Created on Friday, 11 Nov 2016 17:56:27

A Call To Action For Parliamentarians
Based On An Assessment Of The Auditor General’s Department & Its Reporting Impact

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Why an Assessment of the Impact of AG Reports?

Greater accountability is critical for good governance and improved economic growth. Jamaica has a number of mechanisms, policies and regulations to facilitate transparency and accountability as well as to provide oversight. These have not been as effective as expected. Understanding why this is so is important for knowing how to rectify the situation.

The Jamaica Civil Society Coalition working in partnership with the Caribbean Vulnerable Communities Coalition is carrying out a series of governance focused research beginning with an examination of the impact of Auditor General findings and recommendations over the past 6 years.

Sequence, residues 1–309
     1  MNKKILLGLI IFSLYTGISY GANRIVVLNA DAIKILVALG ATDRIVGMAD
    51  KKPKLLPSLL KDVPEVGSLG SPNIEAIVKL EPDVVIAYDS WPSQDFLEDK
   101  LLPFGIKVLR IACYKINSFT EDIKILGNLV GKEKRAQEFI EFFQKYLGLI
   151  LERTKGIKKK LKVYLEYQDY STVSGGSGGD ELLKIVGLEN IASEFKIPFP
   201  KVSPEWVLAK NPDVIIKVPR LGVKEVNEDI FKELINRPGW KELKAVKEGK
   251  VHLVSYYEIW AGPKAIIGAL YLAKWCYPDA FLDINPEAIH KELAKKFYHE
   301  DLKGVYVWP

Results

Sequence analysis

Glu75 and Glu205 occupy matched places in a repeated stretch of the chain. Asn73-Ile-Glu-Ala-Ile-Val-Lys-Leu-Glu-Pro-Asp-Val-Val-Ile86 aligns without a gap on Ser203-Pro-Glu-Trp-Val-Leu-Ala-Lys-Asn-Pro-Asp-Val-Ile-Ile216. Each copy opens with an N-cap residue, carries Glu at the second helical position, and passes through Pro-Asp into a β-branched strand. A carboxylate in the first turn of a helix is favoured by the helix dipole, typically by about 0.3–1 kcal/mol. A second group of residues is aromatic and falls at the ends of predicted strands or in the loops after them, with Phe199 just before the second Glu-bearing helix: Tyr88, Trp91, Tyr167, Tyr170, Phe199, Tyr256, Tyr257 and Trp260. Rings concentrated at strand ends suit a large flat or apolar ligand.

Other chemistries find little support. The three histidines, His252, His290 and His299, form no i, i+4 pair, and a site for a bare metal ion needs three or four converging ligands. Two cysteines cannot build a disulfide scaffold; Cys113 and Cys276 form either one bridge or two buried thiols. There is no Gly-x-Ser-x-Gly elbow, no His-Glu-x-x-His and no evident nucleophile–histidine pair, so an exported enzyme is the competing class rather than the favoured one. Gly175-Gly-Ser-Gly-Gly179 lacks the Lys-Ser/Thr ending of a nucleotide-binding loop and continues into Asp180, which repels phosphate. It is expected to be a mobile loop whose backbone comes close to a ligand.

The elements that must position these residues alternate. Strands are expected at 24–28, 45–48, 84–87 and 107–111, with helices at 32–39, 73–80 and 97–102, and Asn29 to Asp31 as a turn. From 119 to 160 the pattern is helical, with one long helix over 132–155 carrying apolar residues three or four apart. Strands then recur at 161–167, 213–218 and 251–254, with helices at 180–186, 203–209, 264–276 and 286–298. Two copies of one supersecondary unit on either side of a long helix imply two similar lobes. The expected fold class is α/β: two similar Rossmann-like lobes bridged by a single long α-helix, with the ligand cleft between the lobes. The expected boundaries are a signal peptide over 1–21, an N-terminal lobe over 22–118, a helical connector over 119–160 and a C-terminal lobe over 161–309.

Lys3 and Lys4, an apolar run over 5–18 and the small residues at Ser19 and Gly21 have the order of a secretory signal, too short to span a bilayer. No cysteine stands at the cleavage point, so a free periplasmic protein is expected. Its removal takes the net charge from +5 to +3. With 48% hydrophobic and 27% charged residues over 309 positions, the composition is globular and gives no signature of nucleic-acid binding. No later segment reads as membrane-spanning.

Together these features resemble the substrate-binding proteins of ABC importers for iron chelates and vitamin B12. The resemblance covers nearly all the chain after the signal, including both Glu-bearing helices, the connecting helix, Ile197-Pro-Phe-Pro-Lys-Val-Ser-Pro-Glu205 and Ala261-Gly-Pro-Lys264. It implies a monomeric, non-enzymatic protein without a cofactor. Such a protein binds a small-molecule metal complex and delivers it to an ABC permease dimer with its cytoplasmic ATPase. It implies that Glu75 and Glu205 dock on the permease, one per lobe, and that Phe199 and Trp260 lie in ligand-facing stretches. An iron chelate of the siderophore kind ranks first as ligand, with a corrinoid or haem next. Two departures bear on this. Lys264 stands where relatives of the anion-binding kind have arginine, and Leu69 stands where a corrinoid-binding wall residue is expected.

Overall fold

The research was undertaken against the background of decades long, public cries of concern for the lack of accountability, repeated reports of waste and public perception of corruption in various public bodies. As coalitions of civil society groups, both the Jamaica Civil Society Coalition and the Caribbean Vulnerable Communities Coalition desired a fuller understanding of Jamaica’s accountability environment and if and how the public can strengthen the work of the Auditor General. Shedding further light on the auditor general’s findings and the state of governance as well as building understanding of the accountability framework in order to better use it were main goals of the research.

“This is not a political statement, but everybody thinks that taxpayer’s money is free money. It’s a culture that has to change” - Dr. Peter Phillips, PAC Chair ( October 11, 2016 )

How The Research was Done